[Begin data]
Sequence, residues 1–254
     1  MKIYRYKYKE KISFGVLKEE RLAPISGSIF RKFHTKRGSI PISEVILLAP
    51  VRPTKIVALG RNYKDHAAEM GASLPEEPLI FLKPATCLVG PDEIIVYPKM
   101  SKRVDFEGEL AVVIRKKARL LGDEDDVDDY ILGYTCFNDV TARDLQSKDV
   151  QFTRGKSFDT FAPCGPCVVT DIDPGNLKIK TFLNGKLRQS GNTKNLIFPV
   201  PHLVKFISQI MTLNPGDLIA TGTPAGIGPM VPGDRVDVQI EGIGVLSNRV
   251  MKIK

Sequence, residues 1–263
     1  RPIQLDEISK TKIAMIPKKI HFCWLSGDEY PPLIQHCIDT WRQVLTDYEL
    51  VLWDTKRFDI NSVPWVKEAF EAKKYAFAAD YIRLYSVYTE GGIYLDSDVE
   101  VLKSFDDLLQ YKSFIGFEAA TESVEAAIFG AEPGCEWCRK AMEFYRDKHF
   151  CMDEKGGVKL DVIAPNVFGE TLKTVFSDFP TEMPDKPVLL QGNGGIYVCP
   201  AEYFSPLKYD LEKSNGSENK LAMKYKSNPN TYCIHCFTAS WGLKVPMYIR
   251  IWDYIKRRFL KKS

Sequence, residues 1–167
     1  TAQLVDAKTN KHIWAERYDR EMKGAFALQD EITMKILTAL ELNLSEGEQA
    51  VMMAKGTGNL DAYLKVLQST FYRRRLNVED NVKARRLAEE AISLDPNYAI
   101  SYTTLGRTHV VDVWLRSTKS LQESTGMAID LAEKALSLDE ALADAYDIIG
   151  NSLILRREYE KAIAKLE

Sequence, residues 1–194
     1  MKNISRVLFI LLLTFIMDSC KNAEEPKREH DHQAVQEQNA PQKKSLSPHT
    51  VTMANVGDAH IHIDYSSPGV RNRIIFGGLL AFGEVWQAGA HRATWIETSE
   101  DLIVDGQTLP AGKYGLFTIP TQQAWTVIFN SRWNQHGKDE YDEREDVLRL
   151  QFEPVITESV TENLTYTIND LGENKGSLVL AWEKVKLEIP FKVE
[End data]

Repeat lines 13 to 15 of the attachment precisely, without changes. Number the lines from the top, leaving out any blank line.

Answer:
   201  AEYFSPLKYD LEKSNGSENK LAMKYKSNPN TYCIHCFTAS WGLKVPMYIR
   251  IWDYIKRRFL KKS

Sequence, residues 1–167